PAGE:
Thursday, July 27, 2017

Daniel and Hosea: a study in dreams, visions and warnings

This month’s study is on two books, Daniel and Hosea, and will be a bit longer than usual. Daniel was one of four men who were chosen to learn the language and literature of the Babylonians. He was even given a Babylonian name, Belteshazzar. Everyone knows the stories of the fiery furnace, the lion’s den and the writing on the wall. Few remember Daniel was also an interpreter of dreams and had dreams himself. These dreams foretold the future. Some were fulfilled quickly while others have yet be fulfilled. Hosea is a prophet in the northern kingdom. Hosea’s life is an illustration of Israel’s unfaithfulness to God and his desire for reconciliation. Hosea takes a wife who is unfaithful to him. Despite her unfaithfulness, Hosea remained married. His life became a living, prophetic example of Israel. Hosea also proclaims to Israel the changes against them and the coming punishments.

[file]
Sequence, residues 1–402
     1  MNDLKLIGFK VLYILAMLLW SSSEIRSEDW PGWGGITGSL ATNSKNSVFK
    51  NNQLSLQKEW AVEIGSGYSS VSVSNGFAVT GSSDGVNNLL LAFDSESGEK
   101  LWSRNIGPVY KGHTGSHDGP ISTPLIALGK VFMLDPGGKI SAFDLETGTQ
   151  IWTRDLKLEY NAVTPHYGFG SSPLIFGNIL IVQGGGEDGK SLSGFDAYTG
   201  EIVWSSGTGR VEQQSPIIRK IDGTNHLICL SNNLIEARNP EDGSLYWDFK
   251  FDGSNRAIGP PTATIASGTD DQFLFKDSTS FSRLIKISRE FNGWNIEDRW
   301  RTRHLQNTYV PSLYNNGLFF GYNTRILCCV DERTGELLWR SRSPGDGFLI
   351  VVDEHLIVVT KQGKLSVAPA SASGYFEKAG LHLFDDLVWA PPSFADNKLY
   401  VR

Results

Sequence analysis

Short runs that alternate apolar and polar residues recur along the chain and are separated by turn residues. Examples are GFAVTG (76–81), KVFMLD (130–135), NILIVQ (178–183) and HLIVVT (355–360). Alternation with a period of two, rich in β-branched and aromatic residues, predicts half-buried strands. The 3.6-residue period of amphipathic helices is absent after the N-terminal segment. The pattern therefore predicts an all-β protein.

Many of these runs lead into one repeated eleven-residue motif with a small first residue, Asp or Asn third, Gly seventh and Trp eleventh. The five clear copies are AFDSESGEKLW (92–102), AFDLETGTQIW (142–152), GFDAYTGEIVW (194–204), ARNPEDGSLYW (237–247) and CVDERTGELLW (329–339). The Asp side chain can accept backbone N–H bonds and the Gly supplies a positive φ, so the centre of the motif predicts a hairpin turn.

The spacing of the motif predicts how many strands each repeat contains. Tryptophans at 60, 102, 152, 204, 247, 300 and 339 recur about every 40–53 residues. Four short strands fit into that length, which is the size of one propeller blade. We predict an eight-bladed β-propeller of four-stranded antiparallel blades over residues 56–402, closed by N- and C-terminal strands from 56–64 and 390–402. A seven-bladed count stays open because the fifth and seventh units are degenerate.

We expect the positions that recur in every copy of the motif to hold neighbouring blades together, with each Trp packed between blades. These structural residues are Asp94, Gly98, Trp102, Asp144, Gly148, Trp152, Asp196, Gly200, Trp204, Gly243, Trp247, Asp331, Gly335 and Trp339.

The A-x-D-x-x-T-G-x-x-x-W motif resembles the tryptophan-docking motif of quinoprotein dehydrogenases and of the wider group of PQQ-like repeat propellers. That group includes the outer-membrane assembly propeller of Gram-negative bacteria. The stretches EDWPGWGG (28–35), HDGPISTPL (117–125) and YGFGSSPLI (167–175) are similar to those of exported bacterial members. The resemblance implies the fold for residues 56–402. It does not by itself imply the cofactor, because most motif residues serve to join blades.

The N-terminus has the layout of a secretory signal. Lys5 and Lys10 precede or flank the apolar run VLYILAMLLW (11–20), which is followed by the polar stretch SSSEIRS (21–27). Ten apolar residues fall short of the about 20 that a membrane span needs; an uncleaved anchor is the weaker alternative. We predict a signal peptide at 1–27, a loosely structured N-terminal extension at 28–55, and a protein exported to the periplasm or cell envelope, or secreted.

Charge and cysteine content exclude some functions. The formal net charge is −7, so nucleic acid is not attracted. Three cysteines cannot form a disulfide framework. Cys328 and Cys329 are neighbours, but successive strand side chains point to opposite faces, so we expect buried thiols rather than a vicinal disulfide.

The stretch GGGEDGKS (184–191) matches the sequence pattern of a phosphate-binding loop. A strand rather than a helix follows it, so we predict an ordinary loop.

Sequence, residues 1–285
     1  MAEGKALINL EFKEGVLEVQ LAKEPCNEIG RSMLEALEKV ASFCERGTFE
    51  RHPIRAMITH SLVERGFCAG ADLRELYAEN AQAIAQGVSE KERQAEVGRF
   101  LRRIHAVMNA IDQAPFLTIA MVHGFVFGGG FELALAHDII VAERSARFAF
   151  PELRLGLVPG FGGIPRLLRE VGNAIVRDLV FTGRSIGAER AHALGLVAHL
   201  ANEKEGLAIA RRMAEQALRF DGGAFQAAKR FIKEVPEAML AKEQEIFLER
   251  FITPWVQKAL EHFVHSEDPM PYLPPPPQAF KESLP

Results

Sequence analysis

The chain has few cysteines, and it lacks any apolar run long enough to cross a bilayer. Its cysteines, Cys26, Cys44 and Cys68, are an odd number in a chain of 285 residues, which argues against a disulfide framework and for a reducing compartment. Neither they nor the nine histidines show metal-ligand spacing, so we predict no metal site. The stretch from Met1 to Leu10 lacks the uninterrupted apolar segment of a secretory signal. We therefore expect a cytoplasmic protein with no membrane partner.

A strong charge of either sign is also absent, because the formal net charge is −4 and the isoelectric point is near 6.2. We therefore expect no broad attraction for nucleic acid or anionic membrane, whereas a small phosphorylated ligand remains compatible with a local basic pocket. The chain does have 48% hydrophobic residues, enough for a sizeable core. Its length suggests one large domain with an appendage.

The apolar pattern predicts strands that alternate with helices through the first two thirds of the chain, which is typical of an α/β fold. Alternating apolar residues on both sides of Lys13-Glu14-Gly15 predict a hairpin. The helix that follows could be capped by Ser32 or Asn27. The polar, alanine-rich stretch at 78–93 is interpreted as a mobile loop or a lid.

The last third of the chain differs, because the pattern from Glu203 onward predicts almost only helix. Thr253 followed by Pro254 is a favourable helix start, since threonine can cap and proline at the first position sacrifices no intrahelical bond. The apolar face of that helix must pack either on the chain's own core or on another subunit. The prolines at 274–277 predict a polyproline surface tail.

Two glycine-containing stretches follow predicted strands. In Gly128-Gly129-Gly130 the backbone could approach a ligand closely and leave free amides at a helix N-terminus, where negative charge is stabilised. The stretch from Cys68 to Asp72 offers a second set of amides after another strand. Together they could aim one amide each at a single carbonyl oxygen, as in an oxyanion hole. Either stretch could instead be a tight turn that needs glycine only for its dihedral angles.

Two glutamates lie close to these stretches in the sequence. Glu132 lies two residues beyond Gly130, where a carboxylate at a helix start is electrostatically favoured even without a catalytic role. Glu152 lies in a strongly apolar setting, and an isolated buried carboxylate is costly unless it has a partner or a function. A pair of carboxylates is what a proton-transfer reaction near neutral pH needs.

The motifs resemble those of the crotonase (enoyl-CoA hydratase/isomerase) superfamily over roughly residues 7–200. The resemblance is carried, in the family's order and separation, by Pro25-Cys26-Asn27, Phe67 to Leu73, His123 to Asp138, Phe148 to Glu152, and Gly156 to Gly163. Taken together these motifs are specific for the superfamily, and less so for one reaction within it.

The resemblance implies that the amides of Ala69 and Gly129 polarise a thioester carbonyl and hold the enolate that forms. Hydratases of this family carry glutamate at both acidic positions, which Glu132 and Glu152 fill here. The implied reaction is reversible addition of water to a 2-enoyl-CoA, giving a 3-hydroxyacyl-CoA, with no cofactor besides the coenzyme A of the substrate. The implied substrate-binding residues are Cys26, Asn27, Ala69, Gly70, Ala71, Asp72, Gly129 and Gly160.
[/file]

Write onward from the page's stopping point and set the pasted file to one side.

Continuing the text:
Daniel interpreted two dreams. First, in Daniel 2, King Nebuchadnezzar has a dream of a large statute. The statue had a head of gold, chest and arms of silver, belly and thighs of bronze and legs and feet of iron and clay. And a stone destroys each part, leaving no trace. No one could tell him the meaning of the dream until Daniel sought God’s guidance for the meaning (verse 18). Daniel interpreted the dream, telling the king that he is the head of gold. After his kingdom’s time, another kingdom will rise, inferior to his. Each succeeding kingdom will be inferior to its predecessor. The last kingdom is a mixture of iron and clay, mixed but not united. In this last kingdom, God will set up a kingdom that will never be destroyed. Many scholars believe this alludes to Christ’s earthly kingdom. Many scholars believe that the silver represents the Medo-Persian Empire, the bronze the Grecian Empire, and iron and clay the Roman Empire. Although, some scholars now believe the iron and clay represents modern world powers and we now wait for the coming of Christ’s kingdom. Second, Daniel 4, King Nebuchadnezzar, once again, has a dream. This time he dreams of a tree. A large and strong tree which gave food and shelter until a messenger, an angel, comes to cut down the tree. Before Daniel gave his interpretation, verse 19 says he was deeply perplexed and it terrified him. The tree is the king and God has issued against him. He will be driven away from the people, to live among the animals. Seven times will pass by until the king acknowledges the Most High is sovereign. One year later, the dream is fulfilled with Nebuchadnezzar took credit for his kingdom (Daniel 4:28-37).